The Personal And Collective Transformation Of Teachers by: Sonia Nieto Presented by: Nancy Hian and Brian Kehoe BLMC 672 May 18, 2009 Claudia Peralta-Nash CTEL/CLAD
Education is a Political Act
It focuses on questions of power, privilege and access
Concerns decisions and actions that effect who, what and how we teach
Education is about political commitment and social responsibility
Transformations begin as political commitments on the part of teachers rather than a “technical activity”
Q: Why are you a teacher?
The majority of teachers choose the profession due to a profound commitment to the success of young people. Q: How do we commit ourselves to these young people? Through relationships .
Fair View High School (FVHS) is a continuation high school that focuses on 3 main ideas that support social relationships
Respect ( for yourself and others)
Responsibility (for your choices and actions)
Resiliency (the ability to bounce back from adversity)
Small school setting (270)
Students have greater accessibility to teachers and administrators
After school programs to support academic success
Life Skills and Orientation courses
Q: How do you build and support relationships with your students?
The Personal and Collective Transformation of Teachers is a collection of graduate students’ journal reflections 6 components of “transformation” are outlined in Nieto’s essay Confronting One’s Identity Becoming a Learner of Students Identifying with Students Becoming Multicultural Challenging Racism and Other Biases Developing a Community of Critical Friends
Confronting One’s Identity
Teachers in the United States, who are primarily White, middle-class and monolingual, have had limited experiences with diverse populations, and they frequently perceive of diversity in a negative way. (Zeichner and Hoeft, 1996).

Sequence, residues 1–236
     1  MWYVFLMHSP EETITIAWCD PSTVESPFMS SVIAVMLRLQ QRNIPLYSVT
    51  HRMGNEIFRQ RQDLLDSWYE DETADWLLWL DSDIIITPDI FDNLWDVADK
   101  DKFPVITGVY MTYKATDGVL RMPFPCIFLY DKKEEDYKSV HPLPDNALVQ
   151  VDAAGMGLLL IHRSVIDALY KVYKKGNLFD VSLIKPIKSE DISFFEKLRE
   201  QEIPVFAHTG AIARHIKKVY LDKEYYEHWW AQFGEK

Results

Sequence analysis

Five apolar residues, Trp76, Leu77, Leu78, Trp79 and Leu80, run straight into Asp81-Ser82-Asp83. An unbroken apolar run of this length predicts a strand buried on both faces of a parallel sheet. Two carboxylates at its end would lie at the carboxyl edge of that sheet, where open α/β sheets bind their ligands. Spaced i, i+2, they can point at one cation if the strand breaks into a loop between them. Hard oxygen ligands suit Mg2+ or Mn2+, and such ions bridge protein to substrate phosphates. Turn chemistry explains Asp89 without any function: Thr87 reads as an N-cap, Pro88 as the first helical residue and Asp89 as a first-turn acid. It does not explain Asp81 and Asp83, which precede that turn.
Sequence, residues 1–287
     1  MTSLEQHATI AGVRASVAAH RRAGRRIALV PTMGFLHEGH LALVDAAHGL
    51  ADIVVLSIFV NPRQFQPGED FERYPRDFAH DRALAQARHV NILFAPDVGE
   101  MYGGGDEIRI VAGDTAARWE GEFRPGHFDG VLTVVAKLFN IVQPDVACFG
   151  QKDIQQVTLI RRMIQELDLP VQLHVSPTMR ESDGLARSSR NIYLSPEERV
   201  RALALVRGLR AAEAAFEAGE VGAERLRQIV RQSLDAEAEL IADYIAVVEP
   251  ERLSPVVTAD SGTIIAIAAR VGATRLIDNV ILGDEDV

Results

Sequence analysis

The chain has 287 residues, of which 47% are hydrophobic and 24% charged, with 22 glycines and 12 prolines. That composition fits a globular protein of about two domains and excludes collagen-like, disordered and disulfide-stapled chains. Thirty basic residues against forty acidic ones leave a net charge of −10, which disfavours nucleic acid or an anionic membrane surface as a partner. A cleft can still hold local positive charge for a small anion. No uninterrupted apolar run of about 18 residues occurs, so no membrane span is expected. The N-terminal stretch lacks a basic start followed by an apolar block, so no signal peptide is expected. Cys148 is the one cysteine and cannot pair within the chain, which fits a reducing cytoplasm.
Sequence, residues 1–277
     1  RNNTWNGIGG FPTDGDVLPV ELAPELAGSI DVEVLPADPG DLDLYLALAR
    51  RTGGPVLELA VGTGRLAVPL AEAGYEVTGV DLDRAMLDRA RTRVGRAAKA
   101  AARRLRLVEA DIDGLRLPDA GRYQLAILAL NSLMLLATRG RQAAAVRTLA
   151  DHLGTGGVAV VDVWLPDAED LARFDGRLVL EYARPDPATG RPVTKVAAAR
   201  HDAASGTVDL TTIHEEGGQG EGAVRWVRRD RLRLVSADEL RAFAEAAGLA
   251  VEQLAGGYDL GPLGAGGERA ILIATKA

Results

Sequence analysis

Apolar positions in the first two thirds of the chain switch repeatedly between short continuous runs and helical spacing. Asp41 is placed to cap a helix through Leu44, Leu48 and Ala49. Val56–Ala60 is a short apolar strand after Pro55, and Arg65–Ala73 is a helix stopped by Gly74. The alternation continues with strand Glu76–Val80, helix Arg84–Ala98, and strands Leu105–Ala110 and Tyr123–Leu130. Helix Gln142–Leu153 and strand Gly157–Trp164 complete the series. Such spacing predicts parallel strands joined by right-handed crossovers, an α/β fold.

Being a member of a cultural or racial minority does not necessarily guarantee that you will be able to identify or understand with students.
Q: What is the ethnic makeup of teachers at your school site? In the U.S. 75% of teachers are female, white and only fluent in English
Recognizing and confronting one’s privileges can be painful and discouraging.
Native English speaking teachers need to examine the “privileges” that they have inherited and understand how these privileges effect their perception. (Ann Scott)
Not suffer discrimination because of their native language
Know they can survive/thrive without learning a second language
Be rewarded for learning a second language (Bilingual)
Teachers who can identify with students culturally may not need to work as hard because they can draw on their past experiences and therefore better understand the feelings and perspectives of their students. Teachers need to develop their identity in order to relate more closely to their students.
Becoming a Learner of Students Teaching and Learning needs to be a reciprocal process. Teacher’s become actively engaged in learning through their interactions with students. This, in turn, focuses on building relationships.
To become learners, teachers need to:
Learn about their students
Learn with their students
Q: How have you become a learner in your classroom? Teachers need to be authoritative not authoritarian . Authoritative = knowledgeable, clear and direct in their interactions Authoritarian = controlling and demanding